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Goi bo kho* – Our first Danang Cusine recommendation. A beef jerky and green papaya salad – a sweet sour dressing, chewy jerky and great heat. We also had the red bean che, which was a glass full of sweetened red beans, topped with coconut milk, peanuts and ice. It was refreshing but I can’t quite get into beans as a dessert.
Banh Mi Ga* – Banh mi with shredded chicken meat, homemade mayo, cucumber, pickled veg, hot sauce. The first time we went, the stall shown on the blog wasn’t there, so we settled on another in the same location but found it to be a bit pricy and skimpy on the toppings. The next day we passed by again, and saw the recommended stall. Her banh mi was much better – thick with toppings – and stuck on the grill to warm up. At almost half the price of the first, we went back several times!
Mi Quang – We had this local speciality – a rich, oily broth with fresh lasagna-textured noodles, flavourful and delicious but bony chicken, and a massive crunchy rice cracker – our first night. Another day, we ventured a bit further to find one of the recommended places on the blog*, and found it even more delicious: lighter broth, pillowy noodles and a slightly sweet cracker made me happy, and Greg enjoyed the pork and shrimp topping.
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Banh Xeo* – a crispy fried pancake, made from turmeric, coconut milk and rice flour, folded over bean sprouts, shrimp and pork. Served with a variety of side dishes: you wrap chunks of the pancake in fresh, chewy, salty rice paper (that has no relation to the stiff rice papers we use in Canada!), throw in some fresh herbs and greens, and dip into a warm gingery gravy. They also have pork sausage that are wrapped around chopsticks, and grilled, and can be pulled off to stick in the wrap as well. We had this twice in Danang – the first we were waved in by a very friendly woman cooking on the sidewalk, the second came recommended by Danang Cuisine. The gravy was definitely better at the latter, but I loved the chewy fried pancakes at the first, even more than the lacy, crispy version at the Danang Cuisine recommendation. Either way, this was definitely one of my favourite meals in Vietnam!
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Cold veg rice meal bummer* – The only real dud on all the places we went in Danang. The cooked vegetables were a mix of cold and warm, and it was a bit greasy and tasteless. Oh well.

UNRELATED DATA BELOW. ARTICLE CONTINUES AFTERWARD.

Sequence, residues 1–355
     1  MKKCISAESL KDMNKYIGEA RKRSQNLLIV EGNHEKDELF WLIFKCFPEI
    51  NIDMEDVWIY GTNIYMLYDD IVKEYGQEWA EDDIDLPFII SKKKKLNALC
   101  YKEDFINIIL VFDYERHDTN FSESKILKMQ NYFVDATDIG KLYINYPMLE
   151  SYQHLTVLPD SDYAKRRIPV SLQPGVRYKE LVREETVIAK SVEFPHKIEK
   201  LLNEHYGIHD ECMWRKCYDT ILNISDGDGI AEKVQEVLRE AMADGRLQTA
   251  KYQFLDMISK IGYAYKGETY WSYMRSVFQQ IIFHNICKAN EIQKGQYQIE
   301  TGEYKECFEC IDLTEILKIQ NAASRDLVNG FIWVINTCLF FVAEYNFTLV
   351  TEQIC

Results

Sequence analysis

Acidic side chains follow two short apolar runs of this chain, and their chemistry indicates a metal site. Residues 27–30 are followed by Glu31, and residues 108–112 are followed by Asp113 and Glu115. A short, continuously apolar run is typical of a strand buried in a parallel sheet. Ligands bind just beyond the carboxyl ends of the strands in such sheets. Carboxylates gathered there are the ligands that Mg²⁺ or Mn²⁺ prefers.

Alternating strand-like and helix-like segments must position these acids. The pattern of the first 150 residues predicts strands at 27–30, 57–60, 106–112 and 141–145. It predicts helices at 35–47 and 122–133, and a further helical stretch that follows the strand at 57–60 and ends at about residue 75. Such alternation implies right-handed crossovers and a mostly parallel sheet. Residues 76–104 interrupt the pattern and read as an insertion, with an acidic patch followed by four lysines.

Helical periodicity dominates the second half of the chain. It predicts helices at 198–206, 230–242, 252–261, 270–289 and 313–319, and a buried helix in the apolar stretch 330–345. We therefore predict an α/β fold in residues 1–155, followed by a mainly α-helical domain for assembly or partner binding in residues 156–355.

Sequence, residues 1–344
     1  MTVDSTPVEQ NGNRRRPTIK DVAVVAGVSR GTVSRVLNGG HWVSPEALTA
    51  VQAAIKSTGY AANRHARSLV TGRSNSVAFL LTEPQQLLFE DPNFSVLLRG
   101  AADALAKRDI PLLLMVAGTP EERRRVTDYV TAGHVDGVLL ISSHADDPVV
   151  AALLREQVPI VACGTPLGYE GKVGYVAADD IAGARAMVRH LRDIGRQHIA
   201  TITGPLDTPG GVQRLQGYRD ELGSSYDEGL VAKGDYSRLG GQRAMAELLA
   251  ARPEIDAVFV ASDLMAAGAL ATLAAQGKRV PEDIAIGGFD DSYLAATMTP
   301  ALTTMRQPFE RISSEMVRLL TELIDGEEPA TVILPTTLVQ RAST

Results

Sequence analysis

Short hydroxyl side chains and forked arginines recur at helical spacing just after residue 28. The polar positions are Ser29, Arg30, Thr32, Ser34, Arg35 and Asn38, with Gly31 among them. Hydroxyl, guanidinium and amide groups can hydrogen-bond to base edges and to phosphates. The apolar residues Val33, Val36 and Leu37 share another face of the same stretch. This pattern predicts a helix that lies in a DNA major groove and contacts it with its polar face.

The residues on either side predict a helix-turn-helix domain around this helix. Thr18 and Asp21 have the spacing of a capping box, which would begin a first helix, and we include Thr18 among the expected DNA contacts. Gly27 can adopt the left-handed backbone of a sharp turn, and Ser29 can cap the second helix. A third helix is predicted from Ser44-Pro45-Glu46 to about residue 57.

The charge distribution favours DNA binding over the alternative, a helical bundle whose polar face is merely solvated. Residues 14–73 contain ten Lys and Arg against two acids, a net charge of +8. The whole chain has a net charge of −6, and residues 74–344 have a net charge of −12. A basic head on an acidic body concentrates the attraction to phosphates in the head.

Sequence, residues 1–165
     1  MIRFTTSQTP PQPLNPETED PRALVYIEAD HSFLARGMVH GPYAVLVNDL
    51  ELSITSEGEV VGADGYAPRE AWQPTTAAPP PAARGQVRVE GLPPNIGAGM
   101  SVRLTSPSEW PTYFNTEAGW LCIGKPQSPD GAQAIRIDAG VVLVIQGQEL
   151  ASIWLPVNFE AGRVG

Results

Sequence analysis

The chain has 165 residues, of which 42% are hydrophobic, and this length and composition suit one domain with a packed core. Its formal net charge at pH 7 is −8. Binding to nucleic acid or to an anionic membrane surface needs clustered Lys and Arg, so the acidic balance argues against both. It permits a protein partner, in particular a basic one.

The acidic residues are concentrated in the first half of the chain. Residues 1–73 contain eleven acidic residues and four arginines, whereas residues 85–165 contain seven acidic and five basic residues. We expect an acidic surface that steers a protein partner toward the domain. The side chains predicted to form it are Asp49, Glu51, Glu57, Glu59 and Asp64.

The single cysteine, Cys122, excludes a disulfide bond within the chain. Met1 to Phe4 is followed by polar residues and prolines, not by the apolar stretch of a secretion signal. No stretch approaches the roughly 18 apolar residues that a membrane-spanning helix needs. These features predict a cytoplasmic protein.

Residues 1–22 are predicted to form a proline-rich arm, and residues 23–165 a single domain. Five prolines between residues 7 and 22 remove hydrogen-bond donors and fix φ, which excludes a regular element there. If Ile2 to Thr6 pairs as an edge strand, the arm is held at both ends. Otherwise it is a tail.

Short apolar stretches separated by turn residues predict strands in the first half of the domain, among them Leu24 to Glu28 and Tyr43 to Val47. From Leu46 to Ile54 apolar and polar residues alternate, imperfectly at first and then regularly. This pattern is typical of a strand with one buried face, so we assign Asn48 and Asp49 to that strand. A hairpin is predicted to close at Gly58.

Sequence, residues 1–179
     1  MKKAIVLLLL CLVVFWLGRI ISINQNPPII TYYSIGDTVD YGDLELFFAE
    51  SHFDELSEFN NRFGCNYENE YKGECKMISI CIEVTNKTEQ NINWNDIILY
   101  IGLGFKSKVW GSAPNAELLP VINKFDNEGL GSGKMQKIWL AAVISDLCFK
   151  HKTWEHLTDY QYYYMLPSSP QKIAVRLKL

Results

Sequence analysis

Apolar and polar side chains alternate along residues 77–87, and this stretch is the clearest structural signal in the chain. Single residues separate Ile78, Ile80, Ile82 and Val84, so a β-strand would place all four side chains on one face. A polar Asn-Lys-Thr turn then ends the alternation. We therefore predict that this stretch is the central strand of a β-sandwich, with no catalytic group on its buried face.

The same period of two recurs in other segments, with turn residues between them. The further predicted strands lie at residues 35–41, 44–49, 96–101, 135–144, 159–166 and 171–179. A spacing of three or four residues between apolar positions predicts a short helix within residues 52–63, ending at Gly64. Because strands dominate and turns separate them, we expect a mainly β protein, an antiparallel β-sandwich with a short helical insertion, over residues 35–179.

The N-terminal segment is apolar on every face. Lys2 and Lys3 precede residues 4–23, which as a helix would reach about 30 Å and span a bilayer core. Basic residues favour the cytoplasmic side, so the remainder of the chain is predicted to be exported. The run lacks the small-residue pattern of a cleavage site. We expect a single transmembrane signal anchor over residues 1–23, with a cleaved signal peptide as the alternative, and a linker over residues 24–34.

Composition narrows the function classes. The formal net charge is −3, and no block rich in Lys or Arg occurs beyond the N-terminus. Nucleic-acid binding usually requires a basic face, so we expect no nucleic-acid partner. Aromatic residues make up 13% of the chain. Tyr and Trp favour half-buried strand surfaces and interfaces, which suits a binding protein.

Bun cha ca – A fish cake noodle soup. Various spicy fish balls, lipton-chicken-noodle-soup shaped long rice noodles, sweet but light tomato bamboo pineapple broth with chunk of pumpkin and peppery fish cakes. Yum. The places recommended by Danang Cuisine were both closed or out of soup the first time, so we went two doors down. We got one bowl, then quickly ordered another, and went back for two more. Another favourite.
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Coffee at middle school traffic bar* – Loved this place which was recommended by a guest poster on Danang Cuisine – their mom! We sat at a small table on the sidewalk, watching the pick ups and drop offs at the middle school across the street, drinking extremely sweet, tasty and strong iced coffees. We went back a third time to get coffees to go on our way to the train station. The owner was happy to pose for a picture, and was telling all her customers we were from Canada (she had had another customer ask us the first time).
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Shrimp dumplings and green bean dumplings* Tapioca dough around a savoury green bean paste or whole shrimp complete with shell. A very, very chewy dough with an extremely sweet sauce, it wasn’t our favourite.
Coconut jelly with coffee syrup and coconut milk*. At the same place as the dumplings above. The jelly was delicious but even better was the company. Two women in their early 20s helped us order, and then a few seconds later, came over with their food and asked if they could join us. We ended up chatting with them for awhile about school, the new year and food, and then they walked us a few minutes down the road to a restaurant they had recommended. They even insisted on paying for our coffee jelly!
Fried chicken with tomato fried rice* – Delicious, not at all greasy, fried chicken, with a red stir-fried rice (tomato? chili?) full of bits of crunchy rice. Served with crunchy fresh veg to offset all the grease. We shared plates of this two nights in a row. This place had clearly expanded, buying up stores on either side and across the street – and was producing a large number of plates for people to eat at the sidewalk tables or motorbike away.
Tamarind crab – Delicious fresh crab in a rich sauce. We were only slightly ashamed when the woman selling beer came to crack it for us after we sat there wondering how to get started. As we finished, a Vietnamese-American home to Vietnam for the New Year sat down beside us, bought us a beer and then sat chatting. People are friendly in Danang!
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Post By Summer Le (128 Posts)

Summer created Danangcuisine.com in 2010 to share her eating experience in her hometown Da Nang and other cities around Viet Nam and Asia. She also runs the Funtastic hostels, Food tour and Cooking class in Danang.

Website: → Summer's Danang Food Tour